Balencia Bakery & Cafe is an excellent blend of east and west

Balencia Bakery & Cafe is an excellent blend of east and west

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Japanese style tofu salad with Angus beef cubes.
Photo: YP Cadet Veronica Lin

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Salmon & Hokkaido salmon roe spaghetti with a salad side.
Photo: YP Cadet Veronica Lin

Balencia Bakery & Cafe
Shop 356, 3/F, Landmark North, 39 Lung Sum Avenue, Sheung Shui
Tel: 2671 7398

Cuisine: European/Western Japanese

Vibe: The setting is like a classic European cafe, with a touch of Japanese minimalism. The solid-coloured chairs and tables lack creativity, but they match the fast-paced dining style here.

The restaurant is busiest when the mall is, so avoid peak hours, as it gets quite hectic and the long wait for a table is a bit of a downer.

A good sized serving of Pumpkin soup.
Photo: YP Cadet Veronica Lin

Who to take: Anyone who would enjoy a fusion meal of both western and oriental flavours. This restaurant is perfect for hanging out with your close buddies, because it gets pretty noisy. It’s also an excellent place to stop for a quick bite in between shopping sprees.

What’s hot: Not only do you get a super efficient dining experience, the food is delicious and made with high-quality ingredients.

The serving size is perfect for the Asian appetite. Everything is served in just the right amount – not even a teaspoon more or less than there needs to be.

The wide selection of food on the menu, ranging from Italian pastas to Japanese pork cutlets, truly exemplifies what it means to be an “East meets West” restaurant.

Unlike many Americanised dim sum restaurants, where the traditional Chinese dish is a predictable sweet and sour, the chefs at Balencia Café have managed to stay true to the authentic flavour and traditional taste of each dish, regardless of its origins.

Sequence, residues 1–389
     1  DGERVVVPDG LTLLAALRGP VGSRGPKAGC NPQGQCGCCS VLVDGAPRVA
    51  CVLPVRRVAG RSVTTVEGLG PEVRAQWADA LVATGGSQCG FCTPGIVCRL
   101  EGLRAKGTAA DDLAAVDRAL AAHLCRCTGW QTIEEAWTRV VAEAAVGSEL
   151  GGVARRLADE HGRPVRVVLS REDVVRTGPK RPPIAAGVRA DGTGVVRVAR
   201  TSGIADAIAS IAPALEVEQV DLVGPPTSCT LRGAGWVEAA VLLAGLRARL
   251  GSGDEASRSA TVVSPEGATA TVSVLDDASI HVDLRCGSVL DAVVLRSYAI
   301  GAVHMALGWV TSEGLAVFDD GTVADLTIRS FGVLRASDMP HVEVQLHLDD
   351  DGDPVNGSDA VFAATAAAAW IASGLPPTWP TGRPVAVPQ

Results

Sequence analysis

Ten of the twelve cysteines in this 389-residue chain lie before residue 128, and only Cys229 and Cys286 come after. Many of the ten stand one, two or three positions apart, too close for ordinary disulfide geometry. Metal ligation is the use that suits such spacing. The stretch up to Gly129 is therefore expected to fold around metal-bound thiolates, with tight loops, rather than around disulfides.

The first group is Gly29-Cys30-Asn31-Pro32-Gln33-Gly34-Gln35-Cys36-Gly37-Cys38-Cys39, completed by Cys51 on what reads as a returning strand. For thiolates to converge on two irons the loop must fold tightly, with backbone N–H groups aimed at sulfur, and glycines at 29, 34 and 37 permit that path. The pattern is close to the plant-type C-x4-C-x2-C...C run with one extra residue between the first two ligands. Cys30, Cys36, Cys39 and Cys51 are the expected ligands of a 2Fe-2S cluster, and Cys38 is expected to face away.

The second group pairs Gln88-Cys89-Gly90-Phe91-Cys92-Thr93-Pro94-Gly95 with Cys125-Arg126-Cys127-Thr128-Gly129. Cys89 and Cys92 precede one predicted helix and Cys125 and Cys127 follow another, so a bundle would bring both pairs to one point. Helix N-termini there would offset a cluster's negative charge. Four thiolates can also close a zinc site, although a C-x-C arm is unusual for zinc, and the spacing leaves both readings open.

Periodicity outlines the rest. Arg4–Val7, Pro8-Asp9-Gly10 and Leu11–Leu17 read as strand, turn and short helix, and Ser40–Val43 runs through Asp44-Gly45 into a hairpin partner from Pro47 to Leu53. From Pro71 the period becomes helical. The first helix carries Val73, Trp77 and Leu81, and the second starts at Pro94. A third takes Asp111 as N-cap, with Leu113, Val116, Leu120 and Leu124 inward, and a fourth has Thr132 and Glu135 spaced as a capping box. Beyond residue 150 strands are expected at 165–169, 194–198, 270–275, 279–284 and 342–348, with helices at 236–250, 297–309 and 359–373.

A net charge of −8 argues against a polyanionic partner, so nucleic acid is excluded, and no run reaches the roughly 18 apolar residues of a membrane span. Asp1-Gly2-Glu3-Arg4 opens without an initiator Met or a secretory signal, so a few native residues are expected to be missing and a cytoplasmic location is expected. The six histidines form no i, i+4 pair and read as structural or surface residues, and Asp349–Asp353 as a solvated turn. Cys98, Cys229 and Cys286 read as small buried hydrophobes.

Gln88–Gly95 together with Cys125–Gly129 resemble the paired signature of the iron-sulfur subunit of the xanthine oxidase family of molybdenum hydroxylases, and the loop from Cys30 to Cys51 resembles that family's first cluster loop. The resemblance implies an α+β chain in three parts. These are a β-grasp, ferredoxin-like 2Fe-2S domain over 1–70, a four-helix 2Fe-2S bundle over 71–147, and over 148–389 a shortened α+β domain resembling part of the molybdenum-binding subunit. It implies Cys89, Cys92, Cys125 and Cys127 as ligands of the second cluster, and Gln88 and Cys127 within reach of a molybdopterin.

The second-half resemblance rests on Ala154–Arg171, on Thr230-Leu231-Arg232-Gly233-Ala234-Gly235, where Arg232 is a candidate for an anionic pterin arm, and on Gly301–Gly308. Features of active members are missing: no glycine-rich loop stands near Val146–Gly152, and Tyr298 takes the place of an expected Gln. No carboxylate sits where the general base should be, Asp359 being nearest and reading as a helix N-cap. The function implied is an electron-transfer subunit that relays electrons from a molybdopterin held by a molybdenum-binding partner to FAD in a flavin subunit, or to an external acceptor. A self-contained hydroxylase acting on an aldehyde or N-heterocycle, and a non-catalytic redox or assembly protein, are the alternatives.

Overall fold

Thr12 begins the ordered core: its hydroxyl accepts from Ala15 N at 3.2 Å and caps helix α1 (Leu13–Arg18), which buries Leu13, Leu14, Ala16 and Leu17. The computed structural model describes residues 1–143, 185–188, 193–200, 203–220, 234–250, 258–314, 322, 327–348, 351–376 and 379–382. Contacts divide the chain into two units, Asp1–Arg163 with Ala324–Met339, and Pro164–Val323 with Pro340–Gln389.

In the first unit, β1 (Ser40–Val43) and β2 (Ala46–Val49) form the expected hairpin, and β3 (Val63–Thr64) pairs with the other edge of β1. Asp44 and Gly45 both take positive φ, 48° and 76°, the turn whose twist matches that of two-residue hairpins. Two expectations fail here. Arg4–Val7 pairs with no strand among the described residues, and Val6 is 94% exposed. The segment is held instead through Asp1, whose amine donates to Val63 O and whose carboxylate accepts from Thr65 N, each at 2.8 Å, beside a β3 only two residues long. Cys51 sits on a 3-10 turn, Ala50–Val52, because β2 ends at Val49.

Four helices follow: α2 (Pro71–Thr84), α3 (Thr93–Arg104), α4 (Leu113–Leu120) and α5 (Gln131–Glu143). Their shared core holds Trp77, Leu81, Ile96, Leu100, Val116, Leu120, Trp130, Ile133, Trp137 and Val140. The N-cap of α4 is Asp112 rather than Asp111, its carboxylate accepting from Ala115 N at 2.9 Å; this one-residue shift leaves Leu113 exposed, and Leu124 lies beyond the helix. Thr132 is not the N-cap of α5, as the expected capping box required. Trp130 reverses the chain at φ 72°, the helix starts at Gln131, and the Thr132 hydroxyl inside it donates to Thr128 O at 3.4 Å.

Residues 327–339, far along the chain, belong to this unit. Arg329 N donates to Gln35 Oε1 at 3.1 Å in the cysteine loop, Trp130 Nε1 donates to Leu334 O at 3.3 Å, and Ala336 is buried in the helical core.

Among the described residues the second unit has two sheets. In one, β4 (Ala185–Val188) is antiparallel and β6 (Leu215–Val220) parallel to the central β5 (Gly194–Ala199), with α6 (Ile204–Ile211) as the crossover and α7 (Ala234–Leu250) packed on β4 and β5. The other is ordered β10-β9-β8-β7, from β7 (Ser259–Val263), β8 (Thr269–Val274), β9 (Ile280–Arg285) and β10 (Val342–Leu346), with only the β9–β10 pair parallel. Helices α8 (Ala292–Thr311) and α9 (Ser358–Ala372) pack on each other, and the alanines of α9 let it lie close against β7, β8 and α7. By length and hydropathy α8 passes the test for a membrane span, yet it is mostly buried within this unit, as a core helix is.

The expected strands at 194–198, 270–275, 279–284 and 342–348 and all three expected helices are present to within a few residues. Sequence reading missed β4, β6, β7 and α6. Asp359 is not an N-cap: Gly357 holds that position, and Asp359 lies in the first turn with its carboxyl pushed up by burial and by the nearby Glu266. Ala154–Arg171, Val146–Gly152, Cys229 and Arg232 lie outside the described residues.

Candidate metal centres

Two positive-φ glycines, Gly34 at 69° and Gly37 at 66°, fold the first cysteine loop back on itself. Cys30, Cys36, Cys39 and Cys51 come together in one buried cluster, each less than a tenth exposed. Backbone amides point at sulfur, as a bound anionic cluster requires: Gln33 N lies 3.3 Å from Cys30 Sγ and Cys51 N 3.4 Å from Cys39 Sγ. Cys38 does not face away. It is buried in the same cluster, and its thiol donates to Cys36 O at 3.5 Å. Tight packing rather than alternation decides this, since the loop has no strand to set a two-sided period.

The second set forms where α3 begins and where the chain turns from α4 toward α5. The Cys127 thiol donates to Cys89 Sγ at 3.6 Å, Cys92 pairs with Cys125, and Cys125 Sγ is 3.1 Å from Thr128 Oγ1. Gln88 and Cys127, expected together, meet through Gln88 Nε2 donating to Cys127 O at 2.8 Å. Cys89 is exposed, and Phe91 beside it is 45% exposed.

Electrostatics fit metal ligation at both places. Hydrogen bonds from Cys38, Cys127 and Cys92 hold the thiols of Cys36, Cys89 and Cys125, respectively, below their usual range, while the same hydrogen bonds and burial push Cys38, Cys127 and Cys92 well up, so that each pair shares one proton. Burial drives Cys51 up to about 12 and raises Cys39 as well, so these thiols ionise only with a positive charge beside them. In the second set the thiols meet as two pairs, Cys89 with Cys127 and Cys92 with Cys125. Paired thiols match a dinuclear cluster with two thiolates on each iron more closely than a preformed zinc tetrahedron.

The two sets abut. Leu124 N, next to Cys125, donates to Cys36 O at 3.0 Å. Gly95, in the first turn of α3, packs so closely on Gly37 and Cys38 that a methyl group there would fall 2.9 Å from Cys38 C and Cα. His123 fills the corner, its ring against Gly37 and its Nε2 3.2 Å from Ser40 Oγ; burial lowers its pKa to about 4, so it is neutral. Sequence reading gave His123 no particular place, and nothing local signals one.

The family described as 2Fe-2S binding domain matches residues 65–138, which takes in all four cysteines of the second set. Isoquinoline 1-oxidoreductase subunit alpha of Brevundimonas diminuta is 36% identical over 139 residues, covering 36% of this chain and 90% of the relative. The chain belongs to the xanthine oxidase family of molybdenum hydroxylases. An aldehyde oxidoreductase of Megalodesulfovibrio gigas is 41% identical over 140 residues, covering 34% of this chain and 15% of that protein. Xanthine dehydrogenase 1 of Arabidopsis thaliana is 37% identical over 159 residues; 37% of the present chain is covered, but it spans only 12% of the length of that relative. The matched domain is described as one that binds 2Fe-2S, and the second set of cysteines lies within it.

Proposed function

Sweet and warm yet cold Apple tart with vanilla ice cream.
Photo: YP Cadet Veronica Lin

Take the Salmon & Hokkaido salmon roe spaghetti as an example. The creamy sauce and fresh salmon roe could’ve easily passed as an authentic dish in any Hokkaido restaurant, without anyone doubting it’s authenticity.

But the quality doesn’t stop with the mains. The apple tart is great, and the warm cooked apples provide beautifully contrast the cold vanilla ice cream.

What’s not: There’s very limited flexibility when it comes to certain sides and soups, as they can only be ordered as part of a set menu – so you probably won’t see the pumpkin soup or the chicken croquettes anywhere on the a la carte menu.

Also, the noisy setting means it’s impossible to have a heart-to-heart talk. But that’s only to be expected from a restaurant in the middle of a bustling shopping mall.

Cost: Rice/salads/pastas are HK$62 and up. Appetisers and sides cost from HK$12-HK$25. Desserts cost HK$16-58.

This article appeared in the Young Post print edition as
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